News outlets report on the launch of a U.N. campaign to end female genital mutilation. Agence France-Presse: U.N. chief launches campaign to end female genital mutilation “U.N. chief Ban Ki-moon launched Thursday a global campaign to end the often deadly practice of female genital mutilation within a generation, as survivors…
Family Planning & Reproductive Health
“Instead of worrying about sheer numbers when the world’s population hits seven billion next week, we should think about how to make the planet a better place for people to live in, the United Nations said” in its report, “The State of World Population 2011,” released Wednesday, Reuters reports (Ormsby, 10/26). “The world must seize the opportunity to invest in the health and education of its youth to reap the full benefits of future economic development or else face a continuation of the sorry state of disparities in which hundreds of millions of people in developing nations lack the most basic ingredients for a decent life, U.N. Population Fund (UNFPA) Executive Director Babatunde Osotimehin said in the foreword of the study,” the U.N. News Centre writes.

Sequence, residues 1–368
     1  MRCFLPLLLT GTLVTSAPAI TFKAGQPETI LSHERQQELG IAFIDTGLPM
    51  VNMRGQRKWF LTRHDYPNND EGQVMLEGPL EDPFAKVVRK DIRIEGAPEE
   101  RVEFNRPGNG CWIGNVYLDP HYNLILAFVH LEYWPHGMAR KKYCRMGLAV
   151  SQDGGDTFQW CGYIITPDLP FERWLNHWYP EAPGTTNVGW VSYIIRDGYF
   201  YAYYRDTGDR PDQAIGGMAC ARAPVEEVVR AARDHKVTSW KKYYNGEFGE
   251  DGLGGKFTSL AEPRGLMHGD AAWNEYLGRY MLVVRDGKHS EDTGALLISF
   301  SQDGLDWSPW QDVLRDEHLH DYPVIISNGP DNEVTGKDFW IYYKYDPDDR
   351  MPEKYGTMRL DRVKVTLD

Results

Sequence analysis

Exclusion Of Family Planning, HIV Prevention From Pink Ribbon Red Ribbon Partnership Is ‘Counter-Intuitive’
In this Huffington Post opinion piece, Serra Sippel, president of the Center for Health and Gender Equity, examines the Pink Ribbon Red Ribbon partnership, which was launched last month by PEPFAR in conjunction with the George W. Bush Institute, Susan G. Komen for the Cure, and UNAIDS with the aim of “integrat[ing] cervical and breast cancer education, screening, and treatment with HIV services.” She continues, “Given that women living with HIV are at an increased risk of developing cervical cancer, it makes sense. It’s a logical and critical part of what PEPFAR is calling care and support services.” But while the initiative “has the potential to reduce the number of cancer deaths among women living with HIV and improve their overall health,” the fact “that planning a family and preventing further HIV transmission is not part of what PEPFAR is calling care and support” is “counter-intuitive and counter-productive,” Sippel writes.